Fol. 6r

Codex on the Flight of Birds of Leonardo Leonardo uses four paragraphs and five drawings to explain his intuitions about the ascents and descents of birds, which have to occur in different ways depending on whether the wind is in their favour or against them. For example, the kite ascends against the wind and on top of the air current until it has lost all its velocity; at that point, as the sketches show, it must change direction in order not to lose control of the flight. In a certain sense Leonardo has intuited the concept of “stall” related to aircraft.

«quando l'uccello si muoverà controvento, salirà assai di più di quanto corrisponda al suo impeto naturale in quanto gli si aggiunge l'aiuto del vento che entrandogli al di sotto gli farà da cuneo. Ma quando esso sarà al termine della salita e avrà esaurito la spinta e gli resterà solo il favore del vento, questo lo rovescerebbe percuotendolo nel petto se non fosse che egli abbassa l'ala destra o la sinistra, virando a destra o a sinistra e scendendo in semicerchi»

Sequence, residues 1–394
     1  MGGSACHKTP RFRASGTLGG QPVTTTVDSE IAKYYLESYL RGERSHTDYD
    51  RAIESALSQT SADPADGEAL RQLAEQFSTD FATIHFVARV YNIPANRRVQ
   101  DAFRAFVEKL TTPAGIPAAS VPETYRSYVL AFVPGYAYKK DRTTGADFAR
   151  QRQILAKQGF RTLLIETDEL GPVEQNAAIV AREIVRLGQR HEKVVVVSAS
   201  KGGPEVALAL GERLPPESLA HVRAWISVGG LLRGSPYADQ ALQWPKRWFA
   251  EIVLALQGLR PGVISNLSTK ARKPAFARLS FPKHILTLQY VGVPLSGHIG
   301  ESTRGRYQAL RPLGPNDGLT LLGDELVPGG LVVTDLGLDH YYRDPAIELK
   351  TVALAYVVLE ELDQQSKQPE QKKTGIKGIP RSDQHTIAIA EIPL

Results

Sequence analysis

(When the bird moves against the wind, it ascends much higher than the distance to which its natural impetus corresponds, inasmuch as it has the addition help of the wind, which, entering beneath it, acts as a wedge. But when its ascent is at an end, and it has exhausted its own thrust and there remains only the favour of the wind, this would turn it over, beating against its breast, if it did not lower its right or left wing, veering to the right or to the left and descending in a semicircle.)

NOTE. For each page of Leonardo’s Codex we provide a brief summary, with the quotation of one that page’s most significant passages edited in modern Italian, with an English translation.

translation by Kim Williams